According to the Times, the Postal Service admits having honored more than 50,000 mail-monitoring requests from various police agencies, There has been little oversight and accountability on the spying campaign, nor has its efficiency or lack thereof ever been measured.
The surveillance program, officially called mail covers, is more than a century old, but is still considered a powerful investigative tool. At the request of state or federal law enforcement agencies or the Postal Inspection Service, postal workers record names, return addresses and any other information from the outside of letters and packages before they are delivered to a person’s home.
Law enforcement officials say this deceptively old-fashioned method of collecting data provides a wealth of information about the businesses and associates of their targets, and can lead to bank and property records and even accomplices. (Opening the mail requires a warrant.)Who are they kidding? Warrants are so yesterday, as old-fashioned as the century-old surveillance program itself.
But anyway -- I have long suspected/known that the post office had gone over to the Dark Side... or at the very least, harbored Dark Side aspirations.
It all started with a strange phone call I received one dark December night in 2010. When the caller identified himself as the chief assistant counsel for the Postal Regulatory Commission, my heart skipped a beat. Had I neglected to put extra stamps on that thick letter I'd just sent out? Had they finally tracked down the culprit who'd put the chewing gum wrappers and pennies and other detritus into the prepaid credit application envelope from the annoying Capitol One scammers?
|I Should Be So Lucky|
I obviously assumed it was a prank call. But after hanging up, I checked the Times Sunday review page. And there it was: The Postman Always Pings Twice (cue the Nightmare On Elm Street music) --
The service’s thousands of delivery vehicles have only one purpose now: to transport mail. But what if they were fitted with sensors to collect and transmit information about weather or air pollutants? The trucks would go from being bulky tools of industrial-age communication to being on the cutting edge of 21st-century information-gathering and forecasting.
After all, the delivery fleet already goes to almost every home and business in America nearly every day, and it travels fixed routes along a majority of the country’s roads to get there. Data collection wouldn’t require much additional staff or resources; all it would take would be a small, cheap and unobtrusive sensor package mounted on each truck. (This idea is mine alone, and does not necessarily reflect the views of the Postal Regulatory Commission.)Well, thank God for that. Also thank God there was no option for reader comments. Then again, this guy had my number. I began to shiver as I read further:
True, other types of vehicles, like taxis or buses, could also carry sensors. But such vehicles typically don’t follow as many regular routes. Nor are they managed by a single organization that could readily coordinate nationwide or regional data collection.
There are a few obvious objections. For starters, there are privacy concerns regarding certain types of data. But a review panel could be set up to monitor the use of the network and ensure safeguards for handling the data.Mind you, this was long before Edward Snowden blew the whistle on the Panopticon State. Back in the good old innocent days of 2010, most people were blissfully unaware that their privacy had gone by the wayside decades ago. The worst thing that had happened was that the Bush administration was caught harassing librarians over what books we were subversively reading. This was before the seemingly daily revelations of privacy abuses, greeted with a politician or a bureaucrat blithely insisting that such assaults on civil rights were not done "willingly", or if they were, they could be handled by "review panels." Soothing cross-agency checks and balances are there to ensure that any abuses can be safeguarded against public outcry. But my Mr. Postman already knew this years ago.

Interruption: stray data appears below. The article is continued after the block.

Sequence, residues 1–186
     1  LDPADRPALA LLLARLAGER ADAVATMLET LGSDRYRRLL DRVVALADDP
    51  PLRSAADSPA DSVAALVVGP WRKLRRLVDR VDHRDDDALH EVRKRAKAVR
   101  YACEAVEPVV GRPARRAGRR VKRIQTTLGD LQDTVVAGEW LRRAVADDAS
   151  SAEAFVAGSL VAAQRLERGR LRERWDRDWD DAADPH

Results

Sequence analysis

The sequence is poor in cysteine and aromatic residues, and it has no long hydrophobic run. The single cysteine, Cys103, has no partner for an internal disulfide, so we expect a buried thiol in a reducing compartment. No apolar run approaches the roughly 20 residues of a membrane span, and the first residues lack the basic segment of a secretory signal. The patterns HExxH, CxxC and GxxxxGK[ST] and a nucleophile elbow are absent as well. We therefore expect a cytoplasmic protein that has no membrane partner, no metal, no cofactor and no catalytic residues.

There’s also the question about marketplace competition from a federal agency monopoly, an issue that has led Congress to limit the types of non-postal services the agency is allowed to provide. But in this case, the service wouldn’t be competing; rather, it would be providing a platform that a business could never afford. If anything, by offering access to a wide range of data and thereby being a catalyst for business innovation, the service would be promoting competition, not hindering it.Who is Mr. Postman kidding? There is no separation of government and corporations. Ed Snowden worked for private contractor Booz Allen, not the NSA. The Department of Homeland Security has an office high in the government-subsidized Goldman Sachs tower, and shared its intelligence on Occupy protesters directly with Wall Street. In an oligarchy, the moneyed interests always call the shots. Fool me once, ping me twice, the excuses are getting stale. The proles are beyond wise to the fact that we live in a crypto-fascist world.
Incidentally, the reason that I am not including the name of my postal ringer within this post is so that the next time he Googles his own name, my article won't instantly pop up in the search results, and the Postman will be less likely to ring/ping me twice. But if he does, I'll be sure to ask him about that New Jersey-Chris Christie connection to the tampering of my letter from Doctors Without Borders.
Oh, and totally off-topic, but since other bloggers brag about their adorable pets, I thought I'd share this latest snap of my dog Snap in one of his good moods: